It is obvious that our Elisha story performed this function. It warned the hearers of the prophets not to make mockery of them. Jeremiah and others warned the people not to disdain the prophetic messages lest they face the consequences of foreign invasions from which God would otherwise protect them, but the Elisha business is slightly different: it seeks to safeguard the public standing of God’s messengers. If prophets were a laughingstock, then who could be expected to heed God’s warnings through them?”
This explanation of the text makes sense to me. First, scripture establishes that Elijah has moved on and passed his mantle to Elisha, then it establishes that Elisha is a Holy Prophet, then it uses this morning’s scripture to teach that prophets should be respected and if they aren’t treated with respect then there will be dire consequences. Most likely the first hearers of this story would have understood it in the same way we understand the story of the boy who cried wolf or King Midas and his golden touch today.
The lesson in the story for the ancient Israelites was that God works through prophets, and those prophets should be respected. They should be listened to and their instructions should be followed because they were messengers for God. When read in this context, I can understand why this story was told and then written down and included in our religious texts. But does it still have something to say to us today? Can we still learn something about God or our faith from it?
I think so. I think that just as it was a cautionary tale to the ancient Israelites, it can be the same for us today. But I think the lesson is different, because we need a different one. I think the lesson in this story for us is that we cannot take scripture at face value, we need to investigate it. It is important to learn the history, the context, and the intention behind scriptures so that we can understand why they were written and we don’t misuse them today.
If we take the story of Elisha and the bears literally and apply it to our modern context, we see a vengeful God that punishes children with extreme violence. We could use it to condone brutality against people who don’t believe what we believe, or maybe even justify child abuse against kids who are misbehaving. But if we take the time to learn what it meant to the people it was written for, we understand that it is not a stand-alone story that can be applied to our modern culture.
The lesson for us today is that we should take the Bible seriously, and that means that we should not take everything in it literally. Bishop Kenneth L. Carder puts it this way:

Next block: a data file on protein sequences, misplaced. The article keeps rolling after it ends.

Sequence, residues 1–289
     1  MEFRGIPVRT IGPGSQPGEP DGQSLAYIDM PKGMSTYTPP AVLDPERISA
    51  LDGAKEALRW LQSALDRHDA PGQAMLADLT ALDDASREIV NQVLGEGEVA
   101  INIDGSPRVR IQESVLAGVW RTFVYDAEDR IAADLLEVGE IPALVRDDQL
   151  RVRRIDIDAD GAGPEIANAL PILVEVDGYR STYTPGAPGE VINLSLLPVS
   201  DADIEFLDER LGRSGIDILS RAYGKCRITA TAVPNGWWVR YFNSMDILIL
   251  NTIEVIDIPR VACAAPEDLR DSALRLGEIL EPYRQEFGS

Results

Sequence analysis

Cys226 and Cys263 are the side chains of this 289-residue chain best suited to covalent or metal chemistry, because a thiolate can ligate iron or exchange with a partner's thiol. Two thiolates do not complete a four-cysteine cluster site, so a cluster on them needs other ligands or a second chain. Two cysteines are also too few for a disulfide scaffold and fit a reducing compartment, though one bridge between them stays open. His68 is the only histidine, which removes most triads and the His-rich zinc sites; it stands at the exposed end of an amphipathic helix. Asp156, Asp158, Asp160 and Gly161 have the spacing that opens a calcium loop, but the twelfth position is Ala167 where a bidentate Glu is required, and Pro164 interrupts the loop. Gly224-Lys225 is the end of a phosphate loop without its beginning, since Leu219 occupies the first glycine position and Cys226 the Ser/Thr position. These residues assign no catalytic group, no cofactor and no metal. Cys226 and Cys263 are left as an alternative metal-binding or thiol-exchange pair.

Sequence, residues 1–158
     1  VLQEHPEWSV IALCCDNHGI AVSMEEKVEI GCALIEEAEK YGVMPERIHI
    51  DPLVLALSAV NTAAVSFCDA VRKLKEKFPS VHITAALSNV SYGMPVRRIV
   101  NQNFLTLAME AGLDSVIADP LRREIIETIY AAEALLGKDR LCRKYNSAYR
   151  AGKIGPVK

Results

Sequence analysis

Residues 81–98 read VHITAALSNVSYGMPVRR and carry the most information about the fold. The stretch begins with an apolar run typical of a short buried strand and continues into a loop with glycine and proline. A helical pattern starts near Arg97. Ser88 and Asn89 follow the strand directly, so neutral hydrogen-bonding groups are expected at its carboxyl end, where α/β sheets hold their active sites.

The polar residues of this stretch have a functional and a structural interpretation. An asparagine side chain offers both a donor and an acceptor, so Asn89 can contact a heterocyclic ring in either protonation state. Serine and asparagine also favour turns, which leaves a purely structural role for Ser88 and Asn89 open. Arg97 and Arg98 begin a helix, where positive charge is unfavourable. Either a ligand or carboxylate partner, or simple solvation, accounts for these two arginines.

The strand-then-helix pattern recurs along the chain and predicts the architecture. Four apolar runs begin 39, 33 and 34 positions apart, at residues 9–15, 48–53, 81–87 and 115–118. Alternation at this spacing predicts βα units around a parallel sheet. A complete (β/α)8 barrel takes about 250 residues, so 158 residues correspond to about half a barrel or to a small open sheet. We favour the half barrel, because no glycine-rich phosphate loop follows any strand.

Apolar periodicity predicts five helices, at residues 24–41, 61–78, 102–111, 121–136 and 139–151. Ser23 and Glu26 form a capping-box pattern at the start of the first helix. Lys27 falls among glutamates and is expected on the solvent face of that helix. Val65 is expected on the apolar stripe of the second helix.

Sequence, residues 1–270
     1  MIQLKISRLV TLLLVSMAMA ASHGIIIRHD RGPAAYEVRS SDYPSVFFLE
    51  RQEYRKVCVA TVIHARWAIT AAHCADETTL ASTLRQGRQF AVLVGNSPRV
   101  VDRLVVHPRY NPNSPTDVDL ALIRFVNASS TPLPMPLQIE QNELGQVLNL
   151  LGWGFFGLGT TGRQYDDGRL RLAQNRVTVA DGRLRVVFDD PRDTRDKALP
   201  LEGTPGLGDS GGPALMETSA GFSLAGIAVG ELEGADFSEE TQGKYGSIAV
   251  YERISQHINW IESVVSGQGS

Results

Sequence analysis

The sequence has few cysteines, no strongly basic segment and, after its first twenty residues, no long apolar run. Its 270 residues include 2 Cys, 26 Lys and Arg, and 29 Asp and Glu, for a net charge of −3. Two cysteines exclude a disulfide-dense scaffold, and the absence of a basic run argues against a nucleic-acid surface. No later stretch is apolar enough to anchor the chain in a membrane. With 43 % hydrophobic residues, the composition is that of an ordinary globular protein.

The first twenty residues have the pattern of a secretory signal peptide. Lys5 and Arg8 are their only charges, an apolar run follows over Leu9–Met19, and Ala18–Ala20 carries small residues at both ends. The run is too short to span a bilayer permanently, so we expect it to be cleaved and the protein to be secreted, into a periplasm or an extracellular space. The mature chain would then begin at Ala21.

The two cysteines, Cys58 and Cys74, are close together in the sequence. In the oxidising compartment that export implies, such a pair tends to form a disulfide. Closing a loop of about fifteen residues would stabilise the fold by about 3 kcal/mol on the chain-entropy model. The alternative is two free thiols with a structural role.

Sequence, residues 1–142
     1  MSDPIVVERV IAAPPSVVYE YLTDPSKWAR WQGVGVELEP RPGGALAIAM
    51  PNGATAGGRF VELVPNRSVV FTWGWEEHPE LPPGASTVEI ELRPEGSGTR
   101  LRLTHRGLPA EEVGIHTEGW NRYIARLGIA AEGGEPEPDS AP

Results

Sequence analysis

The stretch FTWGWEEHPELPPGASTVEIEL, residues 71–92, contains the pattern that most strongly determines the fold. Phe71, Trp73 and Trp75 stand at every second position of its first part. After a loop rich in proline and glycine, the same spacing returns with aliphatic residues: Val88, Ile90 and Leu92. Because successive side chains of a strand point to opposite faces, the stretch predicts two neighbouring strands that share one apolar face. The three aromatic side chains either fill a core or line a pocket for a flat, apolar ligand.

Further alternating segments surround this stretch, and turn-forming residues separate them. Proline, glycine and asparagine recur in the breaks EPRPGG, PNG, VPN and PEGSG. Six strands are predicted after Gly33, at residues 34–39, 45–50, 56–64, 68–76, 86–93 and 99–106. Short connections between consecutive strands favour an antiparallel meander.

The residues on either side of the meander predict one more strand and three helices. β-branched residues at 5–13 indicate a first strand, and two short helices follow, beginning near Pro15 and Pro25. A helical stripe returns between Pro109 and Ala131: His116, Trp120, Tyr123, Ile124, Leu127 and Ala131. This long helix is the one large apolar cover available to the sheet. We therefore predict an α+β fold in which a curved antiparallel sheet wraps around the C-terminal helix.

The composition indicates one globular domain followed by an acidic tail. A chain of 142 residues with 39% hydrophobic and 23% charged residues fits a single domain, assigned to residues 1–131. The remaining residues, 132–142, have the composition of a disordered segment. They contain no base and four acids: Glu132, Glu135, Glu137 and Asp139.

“Literalism tends to rob the Bible of its depth, beauty, mystery, and imagination. Taking it literally means you don’t have to probe its meaning because the meaning is self-evident (” the Bible says it, I believe it, that settles it” or “it means exactly what it says”).
Literalism can be an avoidance mechanism against the deeper meaning. Focusing on the details of whether a great fish really swallowed Jonah distracts from the harder truth of the story: God loves our enemies as much as God loves us!
Or, reading the first two chapters of Genesis as factual accounts of how creation came into existence enables us to avoid the question why and our role as participants in the ongoing nurturing of the earth.”
With modern eyes, this story of Elisha and the Bears is weird. It doesn’t make sense. It seems cruel and violent and repulsive—because for our culture, it is. We can’t apply this scripture to teach us how we should punish children today, or how faith leaders should be treated, or what pastors should do if they are questioned. It doesn’t hold the same lessons for us that it did for the culture it was written for. But, it can remind us that we have a responsibility to take religious texts seriously so that we don’t use them in harmful and inappropriate ways today.
Bishop Carder ended his article by saying the final test of how seriously we take the Bible is shown in the character it forms in us. He asks us to consider:
“Is the Bible —
- shaping us into the likeness of Jesus Christ, who is the true Word of God?
- expanding our capacity to love, including those deemed the “other” or “enemy”?
- deepening our commitment to and practice of compassion and justice?
- increasing our faith, hope, and courage to live God’s vision of a healed, just, and reconciled creation?
If the answer is “no,” we aren’t taking the Bible seriously, even if we literally “believe every word it says.”
As we continue to walk this spiritual path together, may our answer be yes. Amen.